Hiking Mollala Old Cascades Oregon Trip report

Butte Creek & Abiqua Falls

While much of the country is dealing with a winter that just doesn’t seem to want to end the Pacific Northwests never really started. Another beautiful weekend was being forecast and we decided we just couldn’t miss another one so we headed out to check out a couple of short waterfall hikes. The trailheads for Butte Creek Falls and Abiqua Falls are less than 5 miles apart a short distance outside of Scotts Mills, Oregon. Both trailheads are located on roads accessed by taking Crooked Finger Road from Scotts Mills.

We started at the Butte Creek Falls Trailhead in the Santiam State Forest.

The trail set off from a small parking area (with an outhouse) passing to the left of the trail sign and descending .2 miles to a signed junction.

The right hand fork would lead us past Upper Butte Creek Falls on a loop back up to the parking area so we turned left first and headed toward Lower Butte Creek Falls. In just another .2 miles we arrived at a rocky ridge and the end of the maintained trail.

A well worn trail led out onto the ridge which provided a front row view of the falls high above Butte Creek.

After enjoying the lower fall we headed back to the junction and started the return loop. Upper Butte Creek Falls had been visible through the trees from the junction and we were quickly on our way down to its base.

Shorter and wider than its counterpart Upper Butte Creek Falls offers close up views and a path behind the falls into a good sized cavern.

While we were exploring around the splash pool we noticed that the salmonberries were beginning to bloom.

From the upper falls it was a short .3 mile climb back up to the parking area. The hike to these two waterfalls had been less than 1.5 miles so why not visit another nearby waterfall – The .5mile trail to Abiqua Falls. To get to Butte Creek Falls we had traveled 11.4 miles on Crooked Finger Road to CF 400, took a left and followed signs to the trailhead. Now we returned to Crooked Finger Road and headed back toward Scotts Mills for .7 miles to CF 300 marked by signs for an ATV staging area on the left. Despite the trailheads only being about 5 miles apart the drive was not quick. The 2.5 miles on CF 300 were slow due to the presence of many good sized rocks and ruts. High clearance, good tires, and 4wd were all helpful.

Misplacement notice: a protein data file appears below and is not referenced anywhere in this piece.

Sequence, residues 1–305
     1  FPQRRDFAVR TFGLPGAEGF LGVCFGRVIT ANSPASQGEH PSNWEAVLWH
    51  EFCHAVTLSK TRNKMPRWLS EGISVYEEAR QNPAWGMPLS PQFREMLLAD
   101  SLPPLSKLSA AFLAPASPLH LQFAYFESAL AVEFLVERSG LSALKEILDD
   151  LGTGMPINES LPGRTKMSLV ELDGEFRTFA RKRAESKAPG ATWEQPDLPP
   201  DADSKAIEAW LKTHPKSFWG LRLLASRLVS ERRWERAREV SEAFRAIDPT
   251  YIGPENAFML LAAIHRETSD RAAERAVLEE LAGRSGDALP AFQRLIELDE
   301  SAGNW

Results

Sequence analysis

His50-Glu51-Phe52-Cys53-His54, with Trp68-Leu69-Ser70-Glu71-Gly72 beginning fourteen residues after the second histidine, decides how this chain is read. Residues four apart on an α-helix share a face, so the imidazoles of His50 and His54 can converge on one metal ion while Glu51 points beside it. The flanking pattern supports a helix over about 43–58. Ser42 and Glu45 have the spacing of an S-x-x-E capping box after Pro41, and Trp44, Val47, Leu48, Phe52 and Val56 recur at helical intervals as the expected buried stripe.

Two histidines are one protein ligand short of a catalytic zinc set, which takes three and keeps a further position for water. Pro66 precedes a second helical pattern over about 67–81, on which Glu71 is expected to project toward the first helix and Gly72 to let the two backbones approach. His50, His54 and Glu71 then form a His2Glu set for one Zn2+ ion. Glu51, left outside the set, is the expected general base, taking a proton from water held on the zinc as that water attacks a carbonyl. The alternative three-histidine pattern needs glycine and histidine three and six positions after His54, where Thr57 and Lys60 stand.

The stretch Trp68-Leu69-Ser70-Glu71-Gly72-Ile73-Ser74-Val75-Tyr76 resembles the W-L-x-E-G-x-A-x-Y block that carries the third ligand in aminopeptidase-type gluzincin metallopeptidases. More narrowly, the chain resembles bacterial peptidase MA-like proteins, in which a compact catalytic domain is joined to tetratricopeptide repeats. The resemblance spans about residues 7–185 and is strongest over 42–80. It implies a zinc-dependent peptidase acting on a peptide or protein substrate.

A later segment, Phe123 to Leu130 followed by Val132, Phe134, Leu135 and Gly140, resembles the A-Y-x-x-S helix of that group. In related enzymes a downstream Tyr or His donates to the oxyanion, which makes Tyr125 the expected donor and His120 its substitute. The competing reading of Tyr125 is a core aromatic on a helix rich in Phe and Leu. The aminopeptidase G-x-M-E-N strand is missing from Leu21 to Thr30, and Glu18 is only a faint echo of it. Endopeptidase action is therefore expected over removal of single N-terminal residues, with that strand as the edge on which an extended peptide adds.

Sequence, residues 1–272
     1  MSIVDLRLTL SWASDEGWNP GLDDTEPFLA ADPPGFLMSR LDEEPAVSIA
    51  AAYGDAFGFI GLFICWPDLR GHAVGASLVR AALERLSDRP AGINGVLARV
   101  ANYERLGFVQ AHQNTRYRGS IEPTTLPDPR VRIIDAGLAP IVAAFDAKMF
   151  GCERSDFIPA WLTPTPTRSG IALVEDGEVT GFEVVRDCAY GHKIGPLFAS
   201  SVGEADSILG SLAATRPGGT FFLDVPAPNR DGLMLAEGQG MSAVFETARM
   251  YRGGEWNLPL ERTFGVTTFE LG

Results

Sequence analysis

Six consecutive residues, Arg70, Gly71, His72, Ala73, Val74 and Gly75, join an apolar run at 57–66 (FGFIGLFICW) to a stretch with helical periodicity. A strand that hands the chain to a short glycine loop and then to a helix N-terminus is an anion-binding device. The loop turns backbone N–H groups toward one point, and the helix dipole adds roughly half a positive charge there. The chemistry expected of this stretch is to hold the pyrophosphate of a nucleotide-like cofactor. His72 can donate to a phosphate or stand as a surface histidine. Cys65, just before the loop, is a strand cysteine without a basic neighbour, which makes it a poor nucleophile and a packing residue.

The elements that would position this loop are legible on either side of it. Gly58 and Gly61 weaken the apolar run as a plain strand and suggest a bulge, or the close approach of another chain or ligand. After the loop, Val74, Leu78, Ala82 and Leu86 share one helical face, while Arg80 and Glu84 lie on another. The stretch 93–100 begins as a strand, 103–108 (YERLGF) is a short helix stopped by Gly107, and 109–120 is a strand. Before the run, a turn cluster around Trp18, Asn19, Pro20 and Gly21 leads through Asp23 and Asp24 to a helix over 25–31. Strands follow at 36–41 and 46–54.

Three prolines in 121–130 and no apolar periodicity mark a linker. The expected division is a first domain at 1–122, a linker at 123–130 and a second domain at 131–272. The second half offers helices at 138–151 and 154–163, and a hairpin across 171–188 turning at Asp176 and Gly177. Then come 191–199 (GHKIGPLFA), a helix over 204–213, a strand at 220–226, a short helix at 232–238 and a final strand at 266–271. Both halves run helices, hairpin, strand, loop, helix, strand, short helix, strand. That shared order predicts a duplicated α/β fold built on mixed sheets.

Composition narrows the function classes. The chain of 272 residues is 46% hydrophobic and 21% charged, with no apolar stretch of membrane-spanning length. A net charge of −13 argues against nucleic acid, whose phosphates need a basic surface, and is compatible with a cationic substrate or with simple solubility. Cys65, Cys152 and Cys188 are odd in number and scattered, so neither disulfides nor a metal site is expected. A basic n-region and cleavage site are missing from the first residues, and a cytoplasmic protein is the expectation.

The Abby Foundation of Oregon owns the land where the trailhead, trail and, Abiqua Falls are, but allow the public to use it. A yellow gate marked the end of the tedious drive and the start of the short trail where we were greeted by a lone daffodil.

To find the correct path down to the falls we needed to walk back up the road a short way passing a first clear path that leads to a grassy clearing to a second worn trail marked by a white sign.

The trail down to Abiqua Creek was fairly steep in places but there were several sections of rope secured along the trail to assist with the climb.

The trail then heads up the creek in a narrow canyon toward the unseen falls.

Just as the trail began to curve out and around a rocky outcrop we got our first views of Abiqua Falls.

The canyon walls opened up to reveal a large circular bowl lined with columnar basalt colored with mosses and lichens with the falls as its centerpiece.

We spent some time exploring the rocky beach looking at the various rock cairns stacked about.

There was also a path around to the left side of the falls which I followed to see how far I could go.

We could have stayed there for hours if it had been warmer but it wasn’t so we headed out just as sunlight began to arrive inside the canyon walls.

Other than the Ouzels and a few other birds we had had the area all to ourselves.

We made it back up to the car (with some assistance from the ropes) just as another group of hikers arrived having survived the drive down. It was their turn to visit this special place. Happy Trails!


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